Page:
The biggest mistake that managers make is believing that their primary focus is on managing and “getting in line” their team members (generally called “subordinates”).
As a manager your primary focus should be on managing one’s self. If you can’t manage your behavior, biases, beliefs, and time, then how in the world do you think you can manage one, ten, twenty, fifty, or more than 100 other people?
Great managers lead by example.
A company’s culture and environment is shaped by senior management, and it funnels down and throughout the company. Toxicity (just like a healthy work environment) starts from the top.
If you’re stressed out you will most likely take it out on others, and the vast majority of the time it won’t be a leader who you report to, but rather someone who reports to you. Your behavior is your responsibility and if you can’t manage it properly then what kind of leader are you?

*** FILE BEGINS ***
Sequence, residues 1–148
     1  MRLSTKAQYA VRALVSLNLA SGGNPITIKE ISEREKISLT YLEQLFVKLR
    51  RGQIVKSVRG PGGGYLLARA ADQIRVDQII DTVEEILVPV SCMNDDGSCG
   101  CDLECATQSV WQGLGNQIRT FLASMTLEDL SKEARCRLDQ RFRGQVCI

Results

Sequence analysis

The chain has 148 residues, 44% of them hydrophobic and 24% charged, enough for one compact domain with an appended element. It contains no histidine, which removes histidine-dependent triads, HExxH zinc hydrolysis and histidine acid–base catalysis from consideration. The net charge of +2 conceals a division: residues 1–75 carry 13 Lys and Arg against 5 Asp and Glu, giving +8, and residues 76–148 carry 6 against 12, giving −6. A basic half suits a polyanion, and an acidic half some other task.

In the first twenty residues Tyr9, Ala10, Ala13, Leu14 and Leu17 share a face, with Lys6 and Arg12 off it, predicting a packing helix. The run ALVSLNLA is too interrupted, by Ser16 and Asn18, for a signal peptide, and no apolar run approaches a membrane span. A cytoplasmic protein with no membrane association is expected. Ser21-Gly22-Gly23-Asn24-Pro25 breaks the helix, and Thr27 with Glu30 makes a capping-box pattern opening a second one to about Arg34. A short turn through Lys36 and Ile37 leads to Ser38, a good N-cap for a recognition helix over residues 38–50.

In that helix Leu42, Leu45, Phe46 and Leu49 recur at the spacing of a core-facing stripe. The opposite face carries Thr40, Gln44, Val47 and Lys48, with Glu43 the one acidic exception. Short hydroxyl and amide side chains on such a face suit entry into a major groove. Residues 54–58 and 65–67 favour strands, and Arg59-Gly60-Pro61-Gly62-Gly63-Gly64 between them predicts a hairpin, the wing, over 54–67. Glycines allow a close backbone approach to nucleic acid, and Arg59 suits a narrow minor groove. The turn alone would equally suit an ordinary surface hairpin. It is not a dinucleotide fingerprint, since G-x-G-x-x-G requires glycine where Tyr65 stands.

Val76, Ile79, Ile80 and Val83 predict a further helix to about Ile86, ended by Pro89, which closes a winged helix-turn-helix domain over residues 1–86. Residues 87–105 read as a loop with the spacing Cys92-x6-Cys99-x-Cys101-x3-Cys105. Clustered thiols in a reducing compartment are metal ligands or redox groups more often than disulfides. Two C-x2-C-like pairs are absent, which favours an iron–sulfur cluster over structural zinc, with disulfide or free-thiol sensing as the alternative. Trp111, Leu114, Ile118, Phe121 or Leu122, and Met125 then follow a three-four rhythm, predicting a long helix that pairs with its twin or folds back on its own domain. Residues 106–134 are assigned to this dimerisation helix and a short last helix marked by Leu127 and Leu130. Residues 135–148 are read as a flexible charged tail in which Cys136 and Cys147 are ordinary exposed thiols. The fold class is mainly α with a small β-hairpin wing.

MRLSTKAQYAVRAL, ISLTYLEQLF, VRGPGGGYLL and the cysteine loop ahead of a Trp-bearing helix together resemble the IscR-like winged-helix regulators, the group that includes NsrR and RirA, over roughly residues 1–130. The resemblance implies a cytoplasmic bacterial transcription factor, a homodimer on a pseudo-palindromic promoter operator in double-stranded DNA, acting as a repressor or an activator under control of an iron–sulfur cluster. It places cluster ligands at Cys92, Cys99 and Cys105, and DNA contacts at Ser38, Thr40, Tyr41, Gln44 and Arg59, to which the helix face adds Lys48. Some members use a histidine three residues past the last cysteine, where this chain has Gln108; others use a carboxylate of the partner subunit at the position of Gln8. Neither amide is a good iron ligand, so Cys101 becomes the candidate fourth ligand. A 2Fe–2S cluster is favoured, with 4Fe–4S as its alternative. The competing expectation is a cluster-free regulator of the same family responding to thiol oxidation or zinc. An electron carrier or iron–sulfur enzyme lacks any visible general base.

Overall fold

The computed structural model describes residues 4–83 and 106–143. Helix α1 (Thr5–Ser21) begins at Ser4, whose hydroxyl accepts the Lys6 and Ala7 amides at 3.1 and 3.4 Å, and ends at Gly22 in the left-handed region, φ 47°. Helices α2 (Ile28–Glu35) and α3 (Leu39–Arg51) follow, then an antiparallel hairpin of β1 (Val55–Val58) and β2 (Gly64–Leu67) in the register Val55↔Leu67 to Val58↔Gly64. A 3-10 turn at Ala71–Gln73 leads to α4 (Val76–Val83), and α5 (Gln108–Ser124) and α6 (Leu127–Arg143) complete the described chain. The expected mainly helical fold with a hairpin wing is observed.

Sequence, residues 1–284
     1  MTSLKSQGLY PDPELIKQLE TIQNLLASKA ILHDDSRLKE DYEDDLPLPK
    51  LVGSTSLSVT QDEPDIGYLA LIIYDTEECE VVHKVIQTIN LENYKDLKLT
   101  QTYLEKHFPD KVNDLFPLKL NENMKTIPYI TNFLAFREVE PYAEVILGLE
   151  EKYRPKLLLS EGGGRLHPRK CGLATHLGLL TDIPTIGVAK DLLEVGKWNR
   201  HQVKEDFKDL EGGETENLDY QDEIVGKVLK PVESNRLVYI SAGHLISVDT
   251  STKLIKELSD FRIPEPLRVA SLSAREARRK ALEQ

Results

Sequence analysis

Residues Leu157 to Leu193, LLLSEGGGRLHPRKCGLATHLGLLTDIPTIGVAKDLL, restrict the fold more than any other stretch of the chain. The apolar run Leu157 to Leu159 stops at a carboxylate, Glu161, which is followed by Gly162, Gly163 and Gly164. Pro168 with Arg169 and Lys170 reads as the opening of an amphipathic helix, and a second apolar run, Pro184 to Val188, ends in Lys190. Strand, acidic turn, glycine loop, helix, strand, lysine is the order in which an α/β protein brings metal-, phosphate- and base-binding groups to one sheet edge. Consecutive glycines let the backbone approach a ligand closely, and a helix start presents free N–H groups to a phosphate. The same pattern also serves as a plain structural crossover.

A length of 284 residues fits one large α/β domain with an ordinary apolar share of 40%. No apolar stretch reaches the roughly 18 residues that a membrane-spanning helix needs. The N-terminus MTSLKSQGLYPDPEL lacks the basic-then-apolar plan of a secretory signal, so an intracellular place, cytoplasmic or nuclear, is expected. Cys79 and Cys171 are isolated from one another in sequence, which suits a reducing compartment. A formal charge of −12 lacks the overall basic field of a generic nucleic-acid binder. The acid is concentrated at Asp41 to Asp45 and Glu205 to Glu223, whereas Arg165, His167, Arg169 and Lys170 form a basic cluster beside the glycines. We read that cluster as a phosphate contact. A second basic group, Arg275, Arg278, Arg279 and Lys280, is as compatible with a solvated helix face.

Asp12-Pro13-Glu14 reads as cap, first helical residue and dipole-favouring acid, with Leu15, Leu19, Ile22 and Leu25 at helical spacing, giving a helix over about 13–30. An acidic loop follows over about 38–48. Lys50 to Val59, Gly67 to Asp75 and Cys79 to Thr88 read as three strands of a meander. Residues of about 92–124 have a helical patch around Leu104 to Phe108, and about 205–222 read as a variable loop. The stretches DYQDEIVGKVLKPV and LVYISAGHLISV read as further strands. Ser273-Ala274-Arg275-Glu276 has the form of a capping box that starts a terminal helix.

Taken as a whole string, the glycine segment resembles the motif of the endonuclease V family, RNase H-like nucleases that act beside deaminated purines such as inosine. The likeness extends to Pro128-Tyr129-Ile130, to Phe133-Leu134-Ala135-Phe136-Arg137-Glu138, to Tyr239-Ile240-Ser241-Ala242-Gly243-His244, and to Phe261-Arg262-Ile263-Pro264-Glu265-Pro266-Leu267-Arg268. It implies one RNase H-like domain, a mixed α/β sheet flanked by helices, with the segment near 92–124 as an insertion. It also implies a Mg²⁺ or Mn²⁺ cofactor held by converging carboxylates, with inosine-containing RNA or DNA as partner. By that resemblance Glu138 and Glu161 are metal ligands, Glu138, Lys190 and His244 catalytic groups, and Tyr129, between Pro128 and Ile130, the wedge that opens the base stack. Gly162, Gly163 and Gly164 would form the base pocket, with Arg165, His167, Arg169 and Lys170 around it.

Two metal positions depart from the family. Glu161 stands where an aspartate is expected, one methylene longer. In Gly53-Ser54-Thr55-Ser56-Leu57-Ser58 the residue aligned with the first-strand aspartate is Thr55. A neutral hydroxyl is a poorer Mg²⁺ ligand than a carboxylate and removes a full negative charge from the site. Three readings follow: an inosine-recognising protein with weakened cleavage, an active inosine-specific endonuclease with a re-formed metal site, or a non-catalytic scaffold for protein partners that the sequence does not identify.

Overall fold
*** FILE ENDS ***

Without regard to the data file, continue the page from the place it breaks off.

At the beginning and end of each day, the buck stops with you. You are the captain and if the ship goes down, you’re responsible for staying behind with the vessel. not abandoning it with your crew still aboard.
If you’re always late don’t expect your team to be on time or early.
If you’re rude to other team members or to clients, don’t be surprised to see your team behave the same way.
If you produce substandard work then don’t place higher standards on your team.
If mediocrity is acceptable to you then it will also be accepted by your team.
Managers must bear the responsibility of first and always focusing on self-management, and through your mastery you can then be the best managers for your team.
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